Plaintiffs may not avoid removal under CAFA by amending their complaint after removal to restrict the class to nondiverse individuals, held the court in Pudlowski v. The St. Louis Rams, LLC, No. 4:16-CV-189-RLW, 2016 WL 5660237 (E.D. Mo. Sep. 29, 2016).
In Pudlowski, Plaintiffs sued the Rams in a Missouri state court under the Missouri Merchandising Practices Act (“MMPA”), alleging that the Rams mislead them about the team’s future location and thus caused them to buy tickets, merchandise, and concessions. Id. at *1. Defendants removed the case to federal court under CAFA, the District Court granted Plaintiffs’ motion to remand back to state court, and Defendants then appealed to the Eighth Circuit, which remanded to the Eastern District of Missouri, instructing the District Court to weigh two declarations from alleged class members. Id. at *2.
Under CAFA, federal district courts have jurisdiction over class actions only if (among other requirements) there is minimal diversity of citizenship—i.e., only if “any class member and any defendant are citizens of different states.” Id. In Pudlowski, Plaintiffs originally defined the class as “[a]ll Missouri residents who purchased Rams tickets and/or merchandise and/or concession from Defendants between April 21, 2010 and January 4, 2016, in the State of Missouri for personal, family or household purposes.” Id. at *1. Defendants were citizens of Missouri and Delaware, but two declarations showed that two class members were former Missouri citizens who bought items from the Rams while Missouri residents and then moved to Connecticut and Florida. Id. at *2. In other words, Defendants and at least two class members were citizens of different states (Missouri and Delaware versus Connecticut or Florida). Defendants thus argued that minimal diversity existed under CAFA. Id.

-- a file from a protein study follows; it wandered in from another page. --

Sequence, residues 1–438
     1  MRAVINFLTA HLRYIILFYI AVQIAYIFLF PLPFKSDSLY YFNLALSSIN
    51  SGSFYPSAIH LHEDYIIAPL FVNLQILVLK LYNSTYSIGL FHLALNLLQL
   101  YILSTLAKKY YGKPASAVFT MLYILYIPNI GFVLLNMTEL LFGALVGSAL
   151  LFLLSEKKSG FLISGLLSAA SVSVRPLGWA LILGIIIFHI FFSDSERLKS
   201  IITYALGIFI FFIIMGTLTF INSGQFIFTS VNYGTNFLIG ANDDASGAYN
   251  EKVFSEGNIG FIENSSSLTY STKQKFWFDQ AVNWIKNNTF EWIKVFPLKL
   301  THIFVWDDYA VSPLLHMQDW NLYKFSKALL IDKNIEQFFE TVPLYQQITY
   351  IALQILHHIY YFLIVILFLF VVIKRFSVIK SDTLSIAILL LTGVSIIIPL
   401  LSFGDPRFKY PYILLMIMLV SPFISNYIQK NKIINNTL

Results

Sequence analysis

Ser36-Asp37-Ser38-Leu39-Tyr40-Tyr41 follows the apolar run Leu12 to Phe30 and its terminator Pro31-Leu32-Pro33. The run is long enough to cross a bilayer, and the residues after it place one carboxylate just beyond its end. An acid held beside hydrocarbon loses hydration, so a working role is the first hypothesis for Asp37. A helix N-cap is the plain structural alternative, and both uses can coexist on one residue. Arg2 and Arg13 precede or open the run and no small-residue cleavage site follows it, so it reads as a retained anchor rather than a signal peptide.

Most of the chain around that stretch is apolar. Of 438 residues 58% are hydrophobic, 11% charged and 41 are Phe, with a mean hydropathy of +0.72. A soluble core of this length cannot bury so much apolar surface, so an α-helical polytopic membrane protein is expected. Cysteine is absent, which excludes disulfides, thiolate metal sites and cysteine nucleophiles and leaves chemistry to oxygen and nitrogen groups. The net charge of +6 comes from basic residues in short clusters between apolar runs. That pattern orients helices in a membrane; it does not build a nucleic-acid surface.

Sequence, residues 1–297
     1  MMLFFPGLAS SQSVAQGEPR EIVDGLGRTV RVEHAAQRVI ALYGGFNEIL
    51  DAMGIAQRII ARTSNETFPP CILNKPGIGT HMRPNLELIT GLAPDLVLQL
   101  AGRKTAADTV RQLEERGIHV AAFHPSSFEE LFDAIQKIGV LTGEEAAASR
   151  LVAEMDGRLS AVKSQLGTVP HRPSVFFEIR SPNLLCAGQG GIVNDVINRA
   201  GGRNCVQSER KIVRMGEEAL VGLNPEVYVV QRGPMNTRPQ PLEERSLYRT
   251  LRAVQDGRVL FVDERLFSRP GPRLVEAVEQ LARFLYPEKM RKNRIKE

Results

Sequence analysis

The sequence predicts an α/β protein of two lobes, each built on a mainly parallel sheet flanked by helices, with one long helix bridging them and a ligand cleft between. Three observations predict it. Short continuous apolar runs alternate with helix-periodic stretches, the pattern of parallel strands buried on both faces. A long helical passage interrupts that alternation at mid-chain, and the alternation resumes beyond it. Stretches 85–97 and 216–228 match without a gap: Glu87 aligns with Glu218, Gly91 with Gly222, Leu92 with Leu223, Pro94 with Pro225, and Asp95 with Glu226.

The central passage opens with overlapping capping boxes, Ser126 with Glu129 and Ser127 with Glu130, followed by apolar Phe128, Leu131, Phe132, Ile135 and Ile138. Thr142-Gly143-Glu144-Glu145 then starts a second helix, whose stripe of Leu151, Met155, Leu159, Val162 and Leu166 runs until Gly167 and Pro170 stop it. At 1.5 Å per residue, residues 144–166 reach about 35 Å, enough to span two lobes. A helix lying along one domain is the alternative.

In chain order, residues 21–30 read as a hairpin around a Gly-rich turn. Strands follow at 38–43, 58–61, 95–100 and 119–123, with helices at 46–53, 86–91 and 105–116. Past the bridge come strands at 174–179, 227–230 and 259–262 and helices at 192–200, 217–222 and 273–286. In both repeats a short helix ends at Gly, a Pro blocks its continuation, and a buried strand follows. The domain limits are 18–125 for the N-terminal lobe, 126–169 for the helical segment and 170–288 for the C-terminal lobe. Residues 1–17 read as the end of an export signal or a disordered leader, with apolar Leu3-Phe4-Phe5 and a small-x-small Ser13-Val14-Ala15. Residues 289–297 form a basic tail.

In response, Plaintiffs filed an amended complaint that attempted to reshape the class to exclude those two class members, adding the requirement that class members be “Missouri residents who were Missouri citizens and remained Missouri citizens when this action was commenced.” Id. (emphasis added). The District Court rejected Plaintiffs’ bid to recast the class to defeat minimal diversity, reasoning that “[t]he original, pre-removal Complaint is the relevant complaint to determine whether removal was appropriate.” Id. at *3.
In sum, the Pudlowski case reaffirms that Plaintiffs “may not manipulate their pleadings post-removal in order to avoid federal jurisdiction.” Id. And the case highlights an argument that defendants can use to stomp out misguided attempts to defeat minimal diversity: after removal, class redefinitions are too little, too late.